Definitely the most divisive ending of Nolan’s filmography, Inception comes to an end with Cobb (Leonardo DiCaprio) having completed his mission of implanting an idea into the mind of Robert Fischer (Cillian Murphy) and finally returning home to be reunited with his children. But as he spins his top – a totem that reveals the difference between reality and a dream world – on a table, the film cuts to black, leaving the audience to wonder whether he’s actually made it, or whether he’s chosen to live a lie. This is the only Nolan film I’ve seen in which the audience audibly gasped and groaned when the credits came up.
The Dark Knight Rises (2012)
This movie has a ton of problems, but I was almost willing to overlook them because of how fantastic the last few minutes are. Sure, you can complain about Bruce Wayne and Selina Kyle sitting in an Italian cafe when Wayne (one of the richest men in the world) is supposed to be dead, or how Batman survived a nuclear blast after flying out over the water to detonate a bomb, but when John Blake (Joseph Gordon-Levitt) discovers the Batcave and we understand that he’ll become a new Batman, it’s one of the most exhilarating moments in the franchise’s history and a terrific thematic end to Nolan’s trilogy. You definitely walk out of the theater with a high.
Now let’s get to Interstellar. You can read our full review here, but suffice it to say that I agree with Eric on almost every level. When I walked out of The Prestige, The Dark Knight, and Inception, I felt like I had just seen movies that would remain favorites of mine for years to come. When I walked out of Interstellar, I felt…well, “disappointed” might be too strong a word, but I didn’t leave the theater with that cinematic high that I was hoping to have.
From the moment when Cooper (Matthew McConaughey) entered Gargantua and landed in that weird fifth-dimensional space in which time isn’t linear, the film lost me a little. It didn’t lose me as in “I didn’t understand what was happening” – I understand the story and what it’s trying to accomplish – but more like that was the point when I wish the story took a different path to get to its ending. I thought this was a classic example where NOT showing us exactly what was happening would have been a lot more effective. Picture this: Cooper hurtles into Gargantua and sees a bright white light…and that’s the last we see of him. Then we cut back to Murph (Jessica Chastain), and we see that she’s able to put the pieces together that her dad is the “ghost” from her childhood, experiencing more of an emotional beat from her that serves the dual purpose of providing a bit more catharsis for the character and giving Jessica Chastain a bigger moment to shine in the movie. Instead, we get Cooper hanging out in this weird nether-space, communicating with Murph, and then…all of a sudden ending up in a hospital bed? For a movie that spends a lot of time explaining how things work, the fact that they brushed over this part seemed out of place to me.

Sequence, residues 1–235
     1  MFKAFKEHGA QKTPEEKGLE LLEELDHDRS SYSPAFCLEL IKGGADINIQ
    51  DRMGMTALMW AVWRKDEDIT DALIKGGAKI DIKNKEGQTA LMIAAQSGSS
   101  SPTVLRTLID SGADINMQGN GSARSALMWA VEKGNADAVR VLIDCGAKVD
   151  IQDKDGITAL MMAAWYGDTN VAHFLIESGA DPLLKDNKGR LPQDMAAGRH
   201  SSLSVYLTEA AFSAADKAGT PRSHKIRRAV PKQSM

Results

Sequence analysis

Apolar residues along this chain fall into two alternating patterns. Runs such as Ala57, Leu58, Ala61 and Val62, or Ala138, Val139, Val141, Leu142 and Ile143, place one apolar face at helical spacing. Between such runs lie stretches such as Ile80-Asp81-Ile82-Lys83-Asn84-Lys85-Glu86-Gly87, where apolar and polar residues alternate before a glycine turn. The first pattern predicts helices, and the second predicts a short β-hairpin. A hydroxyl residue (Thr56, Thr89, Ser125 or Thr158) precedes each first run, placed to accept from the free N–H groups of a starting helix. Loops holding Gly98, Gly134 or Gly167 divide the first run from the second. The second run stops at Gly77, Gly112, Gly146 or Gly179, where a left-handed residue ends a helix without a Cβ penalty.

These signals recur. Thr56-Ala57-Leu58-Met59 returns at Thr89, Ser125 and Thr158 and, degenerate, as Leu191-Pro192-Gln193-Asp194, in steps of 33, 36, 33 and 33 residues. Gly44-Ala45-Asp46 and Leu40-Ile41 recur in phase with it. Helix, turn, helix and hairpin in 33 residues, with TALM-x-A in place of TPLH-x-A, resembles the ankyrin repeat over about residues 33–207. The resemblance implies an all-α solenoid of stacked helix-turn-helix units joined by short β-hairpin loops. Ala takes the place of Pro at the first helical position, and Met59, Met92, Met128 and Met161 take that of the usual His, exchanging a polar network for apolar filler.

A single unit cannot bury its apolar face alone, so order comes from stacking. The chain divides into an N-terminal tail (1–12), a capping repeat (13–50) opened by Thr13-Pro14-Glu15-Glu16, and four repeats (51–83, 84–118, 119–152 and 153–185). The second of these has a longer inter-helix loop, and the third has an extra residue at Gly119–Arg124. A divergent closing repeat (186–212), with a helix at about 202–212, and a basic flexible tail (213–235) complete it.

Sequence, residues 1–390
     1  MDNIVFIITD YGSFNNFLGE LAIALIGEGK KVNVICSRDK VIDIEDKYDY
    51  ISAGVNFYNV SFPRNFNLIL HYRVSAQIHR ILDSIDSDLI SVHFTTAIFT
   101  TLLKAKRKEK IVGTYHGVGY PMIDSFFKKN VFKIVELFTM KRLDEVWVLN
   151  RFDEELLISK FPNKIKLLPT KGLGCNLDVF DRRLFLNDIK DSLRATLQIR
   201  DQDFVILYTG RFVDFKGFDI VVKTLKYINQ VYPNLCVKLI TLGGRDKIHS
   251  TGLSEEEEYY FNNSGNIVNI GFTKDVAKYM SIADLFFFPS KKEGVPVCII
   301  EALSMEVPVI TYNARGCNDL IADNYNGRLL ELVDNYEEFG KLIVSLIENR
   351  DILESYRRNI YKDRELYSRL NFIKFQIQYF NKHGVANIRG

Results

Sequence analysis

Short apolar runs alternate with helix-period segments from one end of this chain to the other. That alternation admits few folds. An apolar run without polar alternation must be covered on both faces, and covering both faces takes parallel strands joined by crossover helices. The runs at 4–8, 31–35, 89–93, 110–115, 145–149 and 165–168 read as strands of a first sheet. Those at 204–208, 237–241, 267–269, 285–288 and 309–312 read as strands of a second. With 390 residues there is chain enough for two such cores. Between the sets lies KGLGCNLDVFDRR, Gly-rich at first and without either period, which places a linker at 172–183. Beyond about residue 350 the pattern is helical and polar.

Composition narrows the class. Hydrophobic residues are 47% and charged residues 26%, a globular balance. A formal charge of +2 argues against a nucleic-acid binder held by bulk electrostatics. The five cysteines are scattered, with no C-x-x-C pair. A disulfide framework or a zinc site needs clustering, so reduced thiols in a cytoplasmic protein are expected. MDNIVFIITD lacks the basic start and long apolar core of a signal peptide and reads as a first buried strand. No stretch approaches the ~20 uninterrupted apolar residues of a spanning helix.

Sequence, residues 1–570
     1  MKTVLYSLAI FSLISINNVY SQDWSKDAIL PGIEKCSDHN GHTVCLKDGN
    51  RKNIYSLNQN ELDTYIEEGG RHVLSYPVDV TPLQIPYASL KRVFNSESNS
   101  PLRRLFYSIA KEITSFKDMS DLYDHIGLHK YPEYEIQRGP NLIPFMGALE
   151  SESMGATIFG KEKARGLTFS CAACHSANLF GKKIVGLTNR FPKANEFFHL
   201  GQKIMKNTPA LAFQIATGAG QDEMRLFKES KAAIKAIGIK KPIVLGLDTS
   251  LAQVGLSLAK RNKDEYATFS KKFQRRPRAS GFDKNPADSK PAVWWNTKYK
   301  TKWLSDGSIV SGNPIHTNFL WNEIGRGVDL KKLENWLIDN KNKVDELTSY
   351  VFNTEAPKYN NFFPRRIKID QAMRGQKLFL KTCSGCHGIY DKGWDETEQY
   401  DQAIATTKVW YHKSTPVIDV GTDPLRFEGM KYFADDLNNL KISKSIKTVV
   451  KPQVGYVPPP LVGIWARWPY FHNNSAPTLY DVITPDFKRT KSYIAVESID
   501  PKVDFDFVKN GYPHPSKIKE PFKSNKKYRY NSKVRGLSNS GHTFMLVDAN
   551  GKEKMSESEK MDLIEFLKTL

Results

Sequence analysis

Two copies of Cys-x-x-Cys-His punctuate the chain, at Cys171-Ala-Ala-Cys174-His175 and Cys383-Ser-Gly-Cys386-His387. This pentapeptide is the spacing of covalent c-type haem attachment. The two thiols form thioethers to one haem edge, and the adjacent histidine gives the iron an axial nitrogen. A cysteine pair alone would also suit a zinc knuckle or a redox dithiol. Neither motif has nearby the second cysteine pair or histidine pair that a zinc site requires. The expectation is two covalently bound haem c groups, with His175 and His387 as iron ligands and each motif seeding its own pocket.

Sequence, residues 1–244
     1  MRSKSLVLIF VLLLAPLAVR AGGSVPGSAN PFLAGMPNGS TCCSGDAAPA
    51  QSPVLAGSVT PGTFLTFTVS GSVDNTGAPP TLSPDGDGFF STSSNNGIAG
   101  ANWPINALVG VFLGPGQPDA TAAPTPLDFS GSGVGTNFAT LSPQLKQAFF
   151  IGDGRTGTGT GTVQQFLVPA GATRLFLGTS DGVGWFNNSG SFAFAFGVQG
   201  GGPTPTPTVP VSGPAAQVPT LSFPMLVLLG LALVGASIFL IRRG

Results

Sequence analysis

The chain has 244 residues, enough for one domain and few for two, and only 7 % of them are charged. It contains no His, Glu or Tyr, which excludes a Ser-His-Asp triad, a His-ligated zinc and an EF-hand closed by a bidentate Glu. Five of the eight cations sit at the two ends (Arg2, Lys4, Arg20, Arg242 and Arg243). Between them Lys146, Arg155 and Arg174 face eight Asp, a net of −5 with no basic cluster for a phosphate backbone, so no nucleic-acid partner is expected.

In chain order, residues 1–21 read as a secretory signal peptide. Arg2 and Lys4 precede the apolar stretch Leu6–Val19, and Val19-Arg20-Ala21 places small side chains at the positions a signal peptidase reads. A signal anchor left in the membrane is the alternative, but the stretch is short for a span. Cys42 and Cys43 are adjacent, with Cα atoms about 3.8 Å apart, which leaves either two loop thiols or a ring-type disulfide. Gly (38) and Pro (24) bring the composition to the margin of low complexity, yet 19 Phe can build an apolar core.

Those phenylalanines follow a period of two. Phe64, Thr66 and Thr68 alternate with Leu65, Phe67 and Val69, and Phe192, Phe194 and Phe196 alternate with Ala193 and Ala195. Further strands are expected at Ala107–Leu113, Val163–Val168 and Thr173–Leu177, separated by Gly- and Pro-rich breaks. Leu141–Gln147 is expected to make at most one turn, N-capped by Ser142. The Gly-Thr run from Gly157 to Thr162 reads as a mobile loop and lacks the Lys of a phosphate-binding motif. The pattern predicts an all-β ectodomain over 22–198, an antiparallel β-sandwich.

And let’s talk about the very end, in which Cooper steals a ship to go after Amelia (Anne Hathaway). Are we supposed to think that there’s a love story there? Because Cooper and Amelia don’t really give much indication that that’s a consideration for them throughout the film. Amelia’s love story with Edmunds (who we never see) didn’t work for me because we never saw them together and weren’t able to invest in their relationship; her big speech about how love transcends dimensions rang hollow to me because it came off like she was just making a bad personal decision. If we had seen the impact of their relationship, maybe we would have rooted for them to choose Edmunds’ planet so she might be able to see him again. But after all of this, we’re supposed to be excited at the possibility of Cooper tracking her down? Maybe it’s just me, but I didn’t feel the emotional punch that Nolan intended. I think the film peaked a bit too early, and slowly deflated toward an ending that tried to be hopeful and succeeded on a planetary scale (considering Murph found a way to save humanity and Amelia colonized the new planet), but failed on a personal character level.
As The Dark Knight Rises proved (to me, anyway), a powerful ending will go a long way toward making audiences forgive issues they might have with a film. But for me, Interstellar didn’t quite stick the landing. What did you think about it?